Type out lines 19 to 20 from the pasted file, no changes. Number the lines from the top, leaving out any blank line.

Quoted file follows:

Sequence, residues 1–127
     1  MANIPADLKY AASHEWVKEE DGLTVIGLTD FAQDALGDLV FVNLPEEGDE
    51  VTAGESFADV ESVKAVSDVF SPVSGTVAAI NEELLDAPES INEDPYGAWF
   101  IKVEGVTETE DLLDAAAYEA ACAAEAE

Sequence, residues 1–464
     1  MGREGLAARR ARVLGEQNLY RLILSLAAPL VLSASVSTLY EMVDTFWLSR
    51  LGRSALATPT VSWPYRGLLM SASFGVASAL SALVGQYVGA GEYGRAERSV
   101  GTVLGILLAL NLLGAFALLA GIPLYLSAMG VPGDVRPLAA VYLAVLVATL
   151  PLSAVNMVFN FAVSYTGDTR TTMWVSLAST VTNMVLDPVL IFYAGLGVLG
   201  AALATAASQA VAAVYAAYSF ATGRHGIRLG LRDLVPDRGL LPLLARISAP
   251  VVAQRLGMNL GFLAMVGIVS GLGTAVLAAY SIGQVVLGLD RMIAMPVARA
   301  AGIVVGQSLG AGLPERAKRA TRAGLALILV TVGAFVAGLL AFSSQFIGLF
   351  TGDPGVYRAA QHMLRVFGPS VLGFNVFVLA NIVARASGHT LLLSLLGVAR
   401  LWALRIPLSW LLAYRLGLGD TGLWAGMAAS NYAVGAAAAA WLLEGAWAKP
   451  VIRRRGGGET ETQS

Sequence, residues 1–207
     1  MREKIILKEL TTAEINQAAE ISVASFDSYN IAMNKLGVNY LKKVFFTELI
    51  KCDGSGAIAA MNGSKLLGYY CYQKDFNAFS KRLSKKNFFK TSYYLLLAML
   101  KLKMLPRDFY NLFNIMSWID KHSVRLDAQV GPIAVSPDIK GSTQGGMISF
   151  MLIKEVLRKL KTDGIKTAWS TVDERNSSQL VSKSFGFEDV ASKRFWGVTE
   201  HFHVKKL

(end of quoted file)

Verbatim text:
   101  KLKMLPRDFY NLFNIMSWID KHSVRLDAQV GPIAVSPDIK GSTQGGMISF
   151  MLIKEVLRKL KTDGIKTAWS TVDERNSSQL VSKSFGFEDV ASKRFWGVTE